The subjective component of the law also deserves review. The court framed the inquiry as whether the officers were aware and understood (or should have been aware and understood) that they were exposing the Plaintiff to a substantial risk of serious harm.” p. 11. In the context of a pregnant woman I find it curious that there is much discussion on this point given the obviousness of serious harm to a mother and her unborn baby by having her feet bound such that they baby cannot even emerge! A collective loud “Duhhh” should be voiced. The other point being that Tennessee law requires that for even the most mundane of personal injury cases a doctor has to opine as to the injuries. But here the court looks to police officers to assess the serious health risks of a shackled woman and her unborn baby. Ever more curious is the fact that the court itself looked to the medical testimony of no less than three doctors to assess the risk and harm to Ms. Villegas. The doctors testifying in this case identified no less than four serious health risks due to shackling: potential umbilical cord prolapse, increased risk of falling, potentially life-threatening blood clots and the deeply felt psychological loss of dignity causing emotional distress. This does not even begin to address the pain that Ms. Villegas must have experienced by not being able to move, not being able to relive her swollen breasts of milk or to get “comfortable” while in labor. Nor does this take into account the medical opinions of the doctor’s in the hospital treating Ms.Villegas who ordered that she be unshackled based on her medical condition at the time. Our societal underpinnings are coming undone when police officer’s subjective opinions are given precedent over treating physicians. The law needs to step up.
The second case, Adam Tatum v. City of Chattanooga, a case in our own Eastern District of Tennessee Federal District Court, serves to back up Ms. Villegas case in that there appears to be no evidence on the record which indicated that the severe beating received by Mr. Tatum was justified by any penological concern. This too is an 8th amendment case evidencing cruel and unusual punishment. The facts are that Mr. Tatum was staying at the Salvation Army a place for homeless individuals to stay the night and a halfway house for those recently released from jail. No weapons are allowed. It is a secure facility in that it is locked at night and the individuals inside cannot take flight. Testimony and the complaint indicate that on February 27 the facility called the police because of what appeared to be two individuals in a disagreement. No one was fighting. The Plaintiff, Mr. Tatum(black) looks to weigh 140 pounds. He is holding the tie of another individual in the facility. Before anything happens two white Chattanooga police officers arrive and jump on Mr. Tatum from behind, pulling him to the ground in a choke hold (illegal in Tennessee). The officers both appear to be much larger and more muscular than Mr. Tatum who does not appear to resist their efforts in any way. Regardless, they begin to beat him mercilessly no less than 75 times with a billy club on his back, legs and arms. Blood can be seen on the floor yet they continue to beat him as he lies submissively on the ground. Additional officers arrive and the beating continues, no one stopping the brutality. It is painful to watch, but I encourage you to do so: http://www.timesfreepress.com/videos/2013/feb/27/6464/. I am ashamed to see Chattanooga police officers, committed, like lawyers, to upholding the law, breaking it with such force. This is torture pure and simple and it is time for change. After the Rodney King case in Los Angeles there was extensive reform of the police department. And this is not to say that we don’t have good law abiding police officers, we do. Sure no one wants to say there is a problem but when cases like these become public it means that it is not an isolated incident. I have heard stories too of deliberate indifference such as denying female prisoners sanitary napkins, pressuring businesses for a bribe to keep the business “safe,”corrupting drug tests to put a probationer supporting a family in jail, arresting a teenager as he spoke out to stop an officer from beating his friend and sitting on the back of an arrestee when he just had back surgery.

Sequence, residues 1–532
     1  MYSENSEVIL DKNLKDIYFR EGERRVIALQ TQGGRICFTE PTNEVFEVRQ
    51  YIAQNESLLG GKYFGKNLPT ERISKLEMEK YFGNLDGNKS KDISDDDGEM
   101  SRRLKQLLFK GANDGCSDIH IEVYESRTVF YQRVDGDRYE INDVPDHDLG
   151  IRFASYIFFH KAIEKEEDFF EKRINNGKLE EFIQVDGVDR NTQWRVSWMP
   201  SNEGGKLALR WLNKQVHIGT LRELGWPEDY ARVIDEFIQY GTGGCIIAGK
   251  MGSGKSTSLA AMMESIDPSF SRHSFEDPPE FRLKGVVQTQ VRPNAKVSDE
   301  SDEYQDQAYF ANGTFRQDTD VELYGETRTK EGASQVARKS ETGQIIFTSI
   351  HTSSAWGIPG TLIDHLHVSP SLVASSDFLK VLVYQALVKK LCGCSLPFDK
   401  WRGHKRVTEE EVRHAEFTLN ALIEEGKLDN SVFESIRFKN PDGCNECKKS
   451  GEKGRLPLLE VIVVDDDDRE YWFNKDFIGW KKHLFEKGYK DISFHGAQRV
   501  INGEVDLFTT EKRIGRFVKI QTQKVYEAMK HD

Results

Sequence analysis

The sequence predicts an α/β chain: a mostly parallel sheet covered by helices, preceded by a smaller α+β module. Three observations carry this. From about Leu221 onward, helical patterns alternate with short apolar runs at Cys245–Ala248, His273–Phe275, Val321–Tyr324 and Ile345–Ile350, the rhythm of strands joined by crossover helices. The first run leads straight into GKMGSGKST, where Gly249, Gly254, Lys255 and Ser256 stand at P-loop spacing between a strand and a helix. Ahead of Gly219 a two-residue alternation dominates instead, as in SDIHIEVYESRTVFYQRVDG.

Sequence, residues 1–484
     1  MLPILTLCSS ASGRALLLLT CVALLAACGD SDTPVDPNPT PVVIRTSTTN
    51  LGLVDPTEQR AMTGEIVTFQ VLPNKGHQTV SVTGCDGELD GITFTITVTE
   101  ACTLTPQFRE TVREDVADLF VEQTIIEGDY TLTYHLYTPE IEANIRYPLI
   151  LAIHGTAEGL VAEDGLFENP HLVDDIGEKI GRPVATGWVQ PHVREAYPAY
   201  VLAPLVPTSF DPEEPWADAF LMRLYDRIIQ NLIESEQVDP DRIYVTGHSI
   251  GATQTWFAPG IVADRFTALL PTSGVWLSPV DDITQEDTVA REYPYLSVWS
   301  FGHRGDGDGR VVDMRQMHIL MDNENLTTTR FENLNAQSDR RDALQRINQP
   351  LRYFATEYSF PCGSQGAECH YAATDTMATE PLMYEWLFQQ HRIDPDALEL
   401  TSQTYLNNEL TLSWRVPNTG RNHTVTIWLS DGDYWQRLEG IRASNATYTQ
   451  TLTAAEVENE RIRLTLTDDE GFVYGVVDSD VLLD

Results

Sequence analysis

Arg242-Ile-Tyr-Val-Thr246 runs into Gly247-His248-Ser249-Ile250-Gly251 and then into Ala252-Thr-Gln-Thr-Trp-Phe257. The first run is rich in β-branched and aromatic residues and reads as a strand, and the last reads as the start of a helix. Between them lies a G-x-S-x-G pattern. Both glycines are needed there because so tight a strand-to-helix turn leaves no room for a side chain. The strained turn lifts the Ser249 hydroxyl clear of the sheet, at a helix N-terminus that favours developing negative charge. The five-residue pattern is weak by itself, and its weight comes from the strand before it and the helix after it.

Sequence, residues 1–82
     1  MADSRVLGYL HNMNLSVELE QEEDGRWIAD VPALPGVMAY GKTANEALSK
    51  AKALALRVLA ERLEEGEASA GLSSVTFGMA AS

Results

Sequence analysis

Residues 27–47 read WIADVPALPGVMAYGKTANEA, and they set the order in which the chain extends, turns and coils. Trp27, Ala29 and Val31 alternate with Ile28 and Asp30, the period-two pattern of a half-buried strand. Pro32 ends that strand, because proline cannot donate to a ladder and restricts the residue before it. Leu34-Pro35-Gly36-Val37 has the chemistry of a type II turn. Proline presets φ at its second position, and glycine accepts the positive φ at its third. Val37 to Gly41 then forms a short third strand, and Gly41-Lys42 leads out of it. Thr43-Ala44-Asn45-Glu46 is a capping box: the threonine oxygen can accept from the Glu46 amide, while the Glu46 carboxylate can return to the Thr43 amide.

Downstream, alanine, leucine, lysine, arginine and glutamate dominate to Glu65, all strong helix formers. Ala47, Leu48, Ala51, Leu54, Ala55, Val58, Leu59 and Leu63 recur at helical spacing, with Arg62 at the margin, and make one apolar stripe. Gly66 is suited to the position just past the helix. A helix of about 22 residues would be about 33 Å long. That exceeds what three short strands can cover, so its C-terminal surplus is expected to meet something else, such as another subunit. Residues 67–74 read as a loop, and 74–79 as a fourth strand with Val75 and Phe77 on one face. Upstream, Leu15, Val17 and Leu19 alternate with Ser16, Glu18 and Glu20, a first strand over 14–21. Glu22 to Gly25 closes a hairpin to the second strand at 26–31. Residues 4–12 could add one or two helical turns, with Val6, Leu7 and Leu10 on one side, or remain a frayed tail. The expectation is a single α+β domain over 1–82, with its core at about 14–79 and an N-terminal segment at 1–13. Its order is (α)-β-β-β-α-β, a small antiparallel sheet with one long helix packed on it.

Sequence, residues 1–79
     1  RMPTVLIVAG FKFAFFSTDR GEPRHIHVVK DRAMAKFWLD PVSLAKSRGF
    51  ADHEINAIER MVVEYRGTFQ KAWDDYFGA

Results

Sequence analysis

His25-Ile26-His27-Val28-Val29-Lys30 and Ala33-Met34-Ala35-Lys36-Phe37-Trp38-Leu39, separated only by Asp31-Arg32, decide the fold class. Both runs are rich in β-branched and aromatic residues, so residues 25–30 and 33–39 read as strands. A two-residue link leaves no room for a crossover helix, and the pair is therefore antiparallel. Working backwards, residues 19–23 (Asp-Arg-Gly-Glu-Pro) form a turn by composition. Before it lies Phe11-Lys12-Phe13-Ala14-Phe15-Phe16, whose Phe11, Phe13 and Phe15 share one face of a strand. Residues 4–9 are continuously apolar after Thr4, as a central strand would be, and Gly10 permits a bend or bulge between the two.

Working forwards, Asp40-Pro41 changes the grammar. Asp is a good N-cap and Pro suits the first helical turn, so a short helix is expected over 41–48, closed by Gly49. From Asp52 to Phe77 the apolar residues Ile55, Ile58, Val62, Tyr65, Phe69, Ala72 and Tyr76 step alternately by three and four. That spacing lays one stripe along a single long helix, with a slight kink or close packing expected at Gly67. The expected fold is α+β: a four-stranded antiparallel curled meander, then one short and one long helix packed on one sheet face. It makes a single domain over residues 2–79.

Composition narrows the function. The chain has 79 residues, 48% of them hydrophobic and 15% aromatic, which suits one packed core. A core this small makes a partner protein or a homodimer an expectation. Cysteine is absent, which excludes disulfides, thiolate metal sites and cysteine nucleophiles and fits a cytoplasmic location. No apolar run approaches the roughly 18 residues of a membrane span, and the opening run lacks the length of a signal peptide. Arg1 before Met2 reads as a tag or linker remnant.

Maybe there is some truth to the violence of television and video games making us less sensitive to violence. I grew up making mud pies and playing in the backyard with my friends after school. But maybe too our laws will be enforced to punish those who make a mockery of our 8th Amendment rights. Don’t be deliberately indifferent, speak up for what is right, and use your moral compass to shape our laws. Judges and politicians do listen to public sentiment and we should be grateful for the 6th circuit judges who stood so boldly to try and develop the law more humanely in this arena. In the meantime, call a lawyer if you have been victimized; speak out against this violence to your elected representatives, your church members, your neighborhood associations and in doing so you will uphold the human dignity we all deserve no matter our ethnicity or station in life.